Many of Chip Wilson’s properties are being renovated instead of torn down. A one-storey building at 895 East Hastings has been rented to a craft brewery, and a small building at 868 East Hastings has been given a spiffy new glass front that makes it look like something you would see on Robson, not Hastings.

“We don’t build condos,” said David Ferguson of Wilson’s company Low Tide Properties. “What we do is buy and own income-producing properties for the long term.”

Ferguson thinks the East Hastings strip is “a cool area” that acts as “the confluence of the Railtown commercial area and the Strathcona residential neighbourhood.”

He sees East Hastings as a natural for creative, independent businesses.

“It’s got character, and maybe a little bit of grit,” he said.

“I think a lot of people like that, personally I do. It makes it more interesting than say Kerrisdale. From an office perspective it tends to (attract) more creative types. From our retail perspective, it’s probably independent-type retailers.”

A good example is Joe Chaput of Les Amis du Fromage cheese shop, which has thrived at 843 East Hastings for several years.

“When we first bought down here, people who didn’t know the area thought we were kind of crazy,” said Chaput. “They thought ‘Why would you buy down there? There’s nothing down there.’ But the store has exceeded expectations.”

Wall thinks part of the success of his development was that it was “priced really competitively.” But he also thinks East Van is developing a cachet among buyers.

“It really has turned into kind of a funky place to live,” said Wall. “Not everybody wants to live in Yaletown. There’s been a fundamental shift in people’s perception of where Vancouver is going, and where they want to live. The whole Strathcona area has completely revitalized over the last 10, 20 years.”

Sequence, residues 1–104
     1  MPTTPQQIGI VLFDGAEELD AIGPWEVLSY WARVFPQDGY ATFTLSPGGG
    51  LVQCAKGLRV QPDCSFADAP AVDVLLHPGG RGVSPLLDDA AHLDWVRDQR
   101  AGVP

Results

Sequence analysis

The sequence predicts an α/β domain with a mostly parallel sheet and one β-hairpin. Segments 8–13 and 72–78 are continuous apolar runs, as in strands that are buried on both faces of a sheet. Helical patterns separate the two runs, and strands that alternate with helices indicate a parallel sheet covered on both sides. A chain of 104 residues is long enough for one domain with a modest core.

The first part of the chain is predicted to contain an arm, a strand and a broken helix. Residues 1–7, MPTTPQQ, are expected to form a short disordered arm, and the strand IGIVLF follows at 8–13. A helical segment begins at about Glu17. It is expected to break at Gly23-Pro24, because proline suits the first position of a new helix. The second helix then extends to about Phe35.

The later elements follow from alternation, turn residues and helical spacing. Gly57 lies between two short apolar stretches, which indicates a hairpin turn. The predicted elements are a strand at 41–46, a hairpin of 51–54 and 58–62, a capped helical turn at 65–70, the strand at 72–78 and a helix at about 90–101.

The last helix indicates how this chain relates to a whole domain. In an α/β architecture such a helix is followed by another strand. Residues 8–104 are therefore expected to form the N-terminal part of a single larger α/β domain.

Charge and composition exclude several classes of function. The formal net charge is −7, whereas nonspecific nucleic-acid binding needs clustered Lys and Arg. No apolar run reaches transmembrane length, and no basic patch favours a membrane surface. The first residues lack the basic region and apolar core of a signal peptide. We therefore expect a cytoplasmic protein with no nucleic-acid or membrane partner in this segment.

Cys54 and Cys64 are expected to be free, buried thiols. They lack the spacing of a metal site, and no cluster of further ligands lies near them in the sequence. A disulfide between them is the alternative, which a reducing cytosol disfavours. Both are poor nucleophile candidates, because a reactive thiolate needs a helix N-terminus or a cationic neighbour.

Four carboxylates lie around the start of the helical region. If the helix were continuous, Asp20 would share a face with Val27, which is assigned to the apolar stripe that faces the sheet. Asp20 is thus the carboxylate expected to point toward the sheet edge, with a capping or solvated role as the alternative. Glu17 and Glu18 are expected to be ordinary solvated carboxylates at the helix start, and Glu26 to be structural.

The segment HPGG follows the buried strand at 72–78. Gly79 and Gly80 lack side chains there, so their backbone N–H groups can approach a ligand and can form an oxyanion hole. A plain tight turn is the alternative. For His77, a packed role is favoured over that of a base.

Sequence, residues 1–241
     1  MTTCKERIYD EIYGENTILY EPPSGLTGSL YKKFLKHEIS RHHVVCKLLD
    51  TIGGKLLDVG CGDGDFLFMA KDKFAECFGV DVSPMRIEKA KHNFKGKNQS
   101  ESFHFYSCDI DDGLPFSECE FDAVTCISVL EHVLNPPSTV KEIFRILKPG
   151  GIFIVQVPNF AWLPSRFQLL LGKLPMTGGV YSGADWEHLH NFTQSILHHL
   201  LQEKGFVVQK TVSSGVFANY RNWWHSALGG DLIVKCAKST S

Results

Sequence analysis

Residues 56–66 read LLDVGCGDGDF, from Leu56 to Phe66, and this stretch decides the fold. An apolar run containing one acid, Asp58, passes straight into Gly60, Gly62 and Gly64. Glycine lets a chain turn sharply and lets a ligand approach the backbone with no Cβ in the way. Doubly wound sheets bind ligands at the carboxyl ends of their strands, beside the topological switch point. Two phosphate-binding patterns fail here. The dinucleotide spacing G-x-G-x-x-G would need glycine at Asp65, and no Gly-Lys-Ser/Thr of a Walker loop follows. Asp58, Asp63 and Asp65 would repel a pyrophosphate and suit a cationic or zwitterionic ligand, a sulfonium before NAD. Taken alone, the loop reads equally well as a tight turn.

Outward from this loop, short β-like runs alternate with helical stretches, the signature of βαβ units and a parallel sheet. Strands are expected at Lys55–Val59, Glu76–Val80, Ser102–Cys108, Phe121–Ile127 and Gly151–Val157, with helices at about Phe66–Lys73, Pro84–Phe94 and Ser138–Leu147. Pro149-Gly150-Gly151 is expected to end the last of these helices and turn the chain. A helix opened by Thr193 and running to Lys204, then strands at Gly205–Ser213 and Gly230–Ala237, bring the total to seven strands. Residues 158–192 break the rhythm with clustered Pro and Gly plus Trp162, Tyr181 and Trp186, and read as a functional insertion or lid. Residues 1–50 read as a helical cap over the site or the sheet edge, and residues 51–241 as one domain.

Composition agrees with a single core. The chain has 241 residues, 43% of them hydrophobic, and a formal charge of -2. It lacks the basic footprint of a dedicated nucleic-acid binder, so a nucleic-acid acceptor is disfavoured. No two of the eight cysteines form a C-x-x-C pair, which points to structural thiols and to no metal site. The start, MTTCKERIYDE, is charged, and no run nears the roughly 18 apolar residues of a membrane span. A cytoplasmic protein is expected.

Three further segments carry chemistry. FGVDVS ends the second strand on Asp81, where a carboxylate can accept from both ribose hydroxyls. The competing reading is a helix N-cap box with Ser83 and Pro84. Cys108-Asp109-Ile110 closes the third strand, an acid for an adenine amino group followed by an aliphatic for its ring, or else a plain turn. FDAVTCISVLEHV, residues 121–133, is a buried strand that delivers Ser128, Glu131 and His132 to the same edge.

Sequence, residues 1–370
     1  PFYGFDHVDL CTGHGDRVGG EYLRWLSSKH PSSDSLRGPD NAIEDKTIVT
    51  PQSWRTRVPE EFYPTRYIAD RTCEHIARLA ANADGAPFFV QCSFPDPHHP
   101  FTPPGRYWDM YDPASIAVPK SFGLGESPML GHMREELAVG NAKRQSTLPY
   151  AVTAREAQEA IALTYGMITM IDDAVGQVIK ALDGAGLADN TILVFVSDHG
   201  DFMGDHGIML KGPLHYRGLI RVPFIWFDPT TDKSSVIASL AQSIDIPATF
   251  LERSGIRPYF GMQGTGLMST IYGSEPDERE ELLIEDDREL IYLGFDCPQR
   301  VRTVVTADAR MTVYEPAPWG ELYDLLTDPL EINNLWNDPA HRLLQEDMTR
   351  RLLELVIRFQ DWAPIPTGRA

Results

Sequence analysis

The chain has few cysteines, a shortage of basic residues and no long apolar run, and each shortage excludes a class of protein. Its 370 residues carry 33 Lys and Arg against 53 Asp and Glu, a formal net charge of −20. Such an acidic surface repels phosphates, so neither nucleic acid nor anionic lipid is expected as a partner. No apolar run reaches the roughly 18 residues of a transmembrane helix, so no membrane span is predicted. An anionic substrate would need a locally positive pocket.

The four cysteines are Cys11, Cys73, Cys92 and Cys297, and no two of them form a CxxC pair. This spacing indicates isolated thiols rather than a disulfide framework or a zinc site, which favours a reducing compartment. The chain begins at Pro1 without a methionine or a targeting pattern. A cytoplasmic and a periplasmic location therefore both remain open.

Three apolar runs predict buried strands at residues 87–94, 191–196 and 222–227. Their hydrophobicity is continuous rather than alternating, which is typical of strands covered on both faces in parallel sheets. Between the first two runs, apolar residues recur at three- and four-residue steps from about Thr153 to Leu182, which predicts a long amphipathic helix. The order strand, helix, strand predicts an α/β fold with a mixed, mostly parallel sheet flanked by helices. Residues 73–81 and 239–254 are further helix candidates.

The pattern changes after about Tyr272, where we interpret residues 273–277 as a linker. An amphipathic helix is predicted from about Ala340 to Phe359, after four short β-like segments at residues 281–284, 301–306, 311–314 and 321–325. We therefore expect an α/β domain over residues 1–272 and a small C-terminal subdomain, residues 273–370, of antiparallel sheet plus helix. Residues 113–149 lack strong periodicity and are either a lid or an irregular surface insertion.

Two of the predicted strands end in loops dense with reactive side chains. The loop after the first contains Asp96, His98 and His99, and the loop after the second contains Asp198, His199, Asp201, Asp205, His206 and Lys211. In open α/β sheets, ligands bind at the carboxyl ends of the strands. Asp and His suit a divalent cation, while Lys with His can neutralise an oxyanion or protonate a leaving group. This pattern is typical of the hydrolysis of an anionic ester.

with research by Carolyn Soltau and Sandra Boutilier

Some of the properties that have been sold on East Hastings between Heatley and Clark:

- The Heatley Block at 696 East Hastings has reportedly just sold for $5.12 million. The 1931 building is in the “no condo” zone the city outlined in its Downtown Eastside Local Area Plan, so it probably won’t be torn down.

- The old Gulf and Fraser Credit Union building at 803 East Hastings was sold for $4.5 million to Copula House Capital in 2015. It is now occupied by AIDs Vancouver, but in a drawing in the city’s Downtown Eastside plan it has been replaced by a glass condo building.

- Companies listing Chip Wilson as a director purchased 10 lots between 828 and 868 East Hastings for $7.25 million in 2012. Wilson’s companies spent another $10.7 million on properties between 855 and 895 East Hastings in 2013. Several buildings are being fixed up and are being leased out, including a craft brewery at 895 East Hastings.

- Wall Financial has sold out a three-tower development, Strathcona Village, that includes 350 units (280 condos, 70 social housing units) at 955 East Hastings. It is being built and is expected to be completed in the summer of 2017.

- Five empty lots beside the railway tracks in the 1000-block of East Hastings recently sold for $5.2 million to Yashpal Parmar, who plans to build a 13- or 14-storey building there with 120 units. He expects it will take three years.

- An old funeral home at 1235 to 1245 East Hastings recently sold for $5.7 million, almost $750,000 above its listing price. It was sold to 1056714 B C LTD, which lists Samuel Yanlin Lu as the sole director.

- Onni purchased 1220 to 1298 East Hastings in 2012 for almost $5.6 million for several lots. Part of the parcel includes a “fee simple” agreement with Claymore Clothes for 1268 to 1278 East Hastings, which is valued at $1.85 million.

- Across Clark Drive, Solterra paid $16.3 million in 2013 for a block that includes the historic Waldorf Hotel. And Millennium sold out its block-long Boheme project at 1588 East Hastings, which included 82 condos that sold for $219,000 to $519,000.